A membrane is stretched over the end of a short speaking-trumpet. The membrane carries a small piece of metal which is, so to speak, the armature of a magnet. The magnet forms part of a telegraph circuit, through which a current is passing. To send a message it is only needful to talk loudly into the trumpet. The message is received by a similar trumpet with membrane and armature at the other end of the line; and that trumpet being placed to the ear, repeats the sound like an echo. Dom Pedro was with the scientific people who tested this instrument on one occasion.

So accurately did it reproduce sounds that each member of the party was in turn recognised by peculiarities in voice or accent. The final test was the reading of a paragraph from the news columns of The Tribune. Of what use is such an invention? Well, there may be occasions of State when it is necessary for officials who are far apart to talk with each other without the interference of an operator. Or some lover may wish to pop the question directly into the ear of a lady and hear for himself her reply, though miles far away, it is not for us to guess how courtships will be carried on in the twentieth century. It is said that the human voice has been conveyed by this contrivance over a circuit of sixty miles. Music can be readily transmitted. Think of serenading by telegraph! 

The calculating machine at the Fair is another of the new and strange inventions. Primarily it is an "adder." But it adds differences in groups and under all sorts of circumstances. Arrange it in one way and it will turn out cube numbers for you as fast as you can turn a crank. In another arrangement it will turn out logarithms as readily. Put on steam power and it will do the work that it is set to, without further attention. It furnishes its results stamped in a matrix ready for the stereotyper; no proof reading is required.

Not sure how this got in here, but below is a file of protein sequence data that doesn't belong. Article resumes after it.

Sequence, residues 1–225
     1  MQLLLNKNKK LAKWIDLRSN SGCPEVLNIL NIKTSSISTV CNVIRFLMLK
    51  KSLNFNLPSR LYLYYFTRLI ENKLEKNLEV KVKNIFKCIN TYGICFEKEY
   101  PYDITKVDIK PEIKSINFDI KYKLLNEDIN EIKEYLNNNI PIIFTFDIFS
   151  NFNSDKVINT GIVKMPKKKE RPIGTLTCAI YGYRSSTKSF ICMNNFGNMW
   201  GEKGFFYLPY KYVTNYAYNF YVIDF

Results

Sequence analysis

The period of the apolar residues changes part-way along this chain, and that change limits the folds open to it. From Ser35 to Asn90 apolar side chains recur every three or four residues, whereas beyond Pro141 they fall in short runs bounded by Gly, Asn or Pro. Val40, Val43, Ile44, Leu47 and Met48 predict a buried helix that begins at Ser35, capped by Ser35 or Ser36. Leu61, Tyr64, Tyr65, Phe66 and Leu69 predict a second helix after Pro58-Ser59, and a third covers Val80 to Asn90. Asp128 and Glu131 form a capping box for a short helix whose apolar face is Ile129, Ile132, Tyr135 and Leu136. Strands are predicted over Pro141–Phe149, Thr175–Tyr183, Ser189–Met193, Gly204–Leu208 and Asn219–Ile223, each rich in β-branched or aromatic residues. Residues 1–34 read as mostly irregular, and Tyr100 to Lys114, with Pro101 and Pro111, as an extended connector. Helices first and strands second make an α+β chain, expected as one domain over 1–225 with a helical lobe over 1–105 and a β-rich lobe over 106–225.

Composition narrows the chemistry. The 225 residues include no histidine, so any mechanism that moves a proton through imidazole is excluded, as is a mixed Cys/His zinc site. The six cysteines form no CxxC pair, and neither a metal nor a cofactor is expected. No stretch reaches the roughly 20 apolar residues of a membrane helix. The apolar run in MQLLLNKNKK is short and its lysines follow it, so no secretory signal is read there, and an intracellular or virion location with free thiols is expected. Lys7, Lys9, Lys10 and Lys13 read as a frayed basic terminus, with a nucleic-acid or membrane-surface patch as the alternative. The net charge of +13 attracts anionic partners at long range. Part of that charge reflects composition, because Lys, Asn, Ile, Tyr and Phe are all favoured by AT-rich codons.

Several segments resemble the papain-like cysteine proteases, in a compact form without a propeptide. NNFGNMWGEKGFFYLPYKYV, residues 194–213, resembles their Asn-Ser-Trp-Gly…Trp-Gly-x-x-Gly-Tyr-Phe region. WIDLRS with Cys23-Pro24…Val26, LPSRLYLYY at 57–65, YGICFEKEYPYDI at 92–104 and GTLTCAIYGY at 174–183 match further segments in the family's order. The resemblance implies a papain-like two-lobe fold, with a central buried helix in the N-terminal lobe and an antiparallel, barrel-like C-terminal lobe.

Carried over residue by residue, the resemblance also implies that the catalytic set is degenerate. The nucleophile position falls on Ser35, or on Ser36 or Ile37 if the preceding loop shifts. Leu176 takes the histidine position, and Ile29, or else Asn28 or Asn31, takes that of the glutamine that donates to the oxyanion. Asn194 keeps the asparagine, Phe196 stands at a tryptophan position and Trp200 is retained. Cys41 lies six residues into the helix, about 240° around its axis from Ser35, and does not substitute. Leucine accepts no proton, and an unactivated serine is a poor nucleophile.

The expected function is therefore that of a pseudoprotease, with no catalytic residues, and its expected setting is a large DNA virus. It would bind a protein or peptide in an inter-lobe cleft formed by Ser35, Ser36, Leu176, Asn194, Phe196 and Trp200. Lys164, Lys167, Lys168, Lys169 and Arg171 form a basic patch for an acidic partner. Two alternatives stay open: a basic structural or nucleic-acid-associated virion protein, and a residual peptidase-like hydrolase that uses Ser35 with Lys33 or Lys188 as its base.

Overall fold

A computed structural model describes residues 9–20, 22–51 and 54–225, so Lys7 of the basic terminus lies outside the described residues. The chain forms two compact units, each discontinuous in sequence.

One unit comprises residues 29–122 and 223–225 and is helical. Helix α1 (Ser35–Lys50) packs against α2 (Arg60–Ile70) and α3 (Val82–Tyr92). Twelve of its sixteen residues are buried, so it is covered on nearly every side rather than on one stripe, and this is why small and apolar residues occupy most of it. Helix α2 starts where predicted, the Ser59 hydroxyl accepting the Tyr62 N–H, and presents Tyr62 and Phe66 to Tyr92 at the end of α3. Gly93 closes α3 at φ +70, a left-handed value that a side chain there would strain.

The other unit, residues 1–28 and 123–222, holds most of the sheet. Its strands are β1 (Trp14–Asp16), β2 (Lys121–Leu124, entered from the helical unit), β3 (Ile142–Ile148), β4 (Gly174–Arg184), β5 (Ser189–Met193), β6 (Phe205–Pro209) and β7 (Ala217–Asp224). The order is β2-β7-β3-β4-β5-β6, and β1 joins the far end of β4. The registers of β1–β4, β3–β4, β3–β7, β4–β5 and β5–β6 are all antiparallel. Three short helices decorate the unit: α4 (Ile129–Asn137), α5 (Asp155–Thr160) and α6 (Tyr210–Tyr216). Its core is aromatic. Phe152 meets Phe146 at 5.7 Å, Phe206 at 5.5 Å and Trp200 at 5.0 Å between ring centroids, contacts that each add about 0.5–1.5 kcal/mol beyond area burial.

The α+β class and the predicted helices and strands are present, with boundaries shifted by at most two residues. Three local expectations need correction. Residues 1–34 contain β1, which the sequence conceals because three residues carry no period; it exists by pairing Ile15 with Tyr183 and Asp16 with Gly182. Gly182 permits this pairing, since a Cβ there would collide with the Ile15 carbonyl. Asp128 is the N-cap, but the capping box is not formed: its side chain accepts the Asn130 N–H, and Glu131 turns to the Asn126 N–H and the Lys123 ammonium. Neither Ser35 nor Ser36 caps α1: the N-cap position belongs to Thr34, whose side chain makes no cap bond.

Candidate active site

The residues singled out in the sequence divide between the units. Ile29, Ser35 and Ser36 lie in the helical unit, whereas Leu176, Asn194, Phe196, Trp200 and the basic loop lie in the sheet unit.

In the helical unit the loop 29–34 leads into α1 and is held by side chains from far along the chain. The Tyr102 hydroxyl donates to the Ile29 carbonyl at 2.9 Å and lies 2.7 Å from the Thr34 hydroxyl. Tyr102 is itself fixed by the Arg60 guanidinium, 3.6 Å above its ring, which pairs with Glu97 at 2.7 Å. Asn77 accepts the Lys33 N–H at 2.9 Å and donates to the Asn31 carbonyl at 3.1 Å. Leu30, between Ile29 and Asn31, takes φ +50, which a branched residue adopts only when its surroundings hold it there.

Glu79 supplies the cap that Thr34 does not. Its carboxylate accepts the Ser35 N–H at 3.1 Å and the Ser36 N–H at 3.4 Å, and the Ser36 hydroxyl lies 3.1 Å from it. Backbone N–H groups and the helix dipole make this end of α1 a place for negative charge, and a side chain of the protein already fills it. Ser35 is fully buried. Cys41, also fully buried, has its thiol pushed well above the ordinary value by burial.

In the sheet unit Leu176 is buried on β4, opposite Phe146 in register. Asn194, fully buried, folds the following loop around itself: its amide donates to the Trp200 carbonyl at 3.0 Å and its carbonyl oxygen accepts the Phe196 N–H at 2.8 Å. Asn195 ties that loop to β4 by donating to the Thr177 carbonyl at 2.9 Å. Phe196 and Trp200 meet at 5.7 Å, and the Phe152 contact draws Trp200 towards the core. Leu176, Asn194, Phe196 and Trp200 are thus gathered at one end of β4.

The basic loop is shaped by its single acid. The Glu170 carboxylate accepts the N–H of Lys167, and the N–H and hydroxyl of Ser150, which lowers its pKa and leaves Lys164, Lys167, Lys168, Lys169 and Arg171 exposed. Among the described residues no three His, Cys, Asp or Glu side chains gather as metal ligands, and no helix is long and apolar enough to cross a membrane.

To the non-mathematical visitor its performances are utter mystery. Yet few machines are simpler. Take cubes, for instance, 1, 8, 27, 64, &c. ; subtract them from each other and the result is 7, 19, 37, 61, &c.; subtract these from each other, and the result is, a set of numbers that only differ from each other by 6. All that the machine does is to add these differences, beginning with those of 6 each. Yet in the endeavour to make, a machine that would actually do this work, many distinguished mathematicians have failed—among them the illustrious Englishman, Babbage.

His machine is now lying idle and useless at the Kensington Museum. The American "difference engine" is pronounced by our experts perfectly successful. But what is to be the effect on our posterity of inventions like this? Already a modified contrivance of the sort makes short work of the multiplication table. Our grandchildren—nay, our children —will be turning a crank, or twisting a screw, instead of working out the four rules with slate and pencil. Of the three R's, that which was the most essentially intellectual threatens to become the most mechanical.— New York Tribune.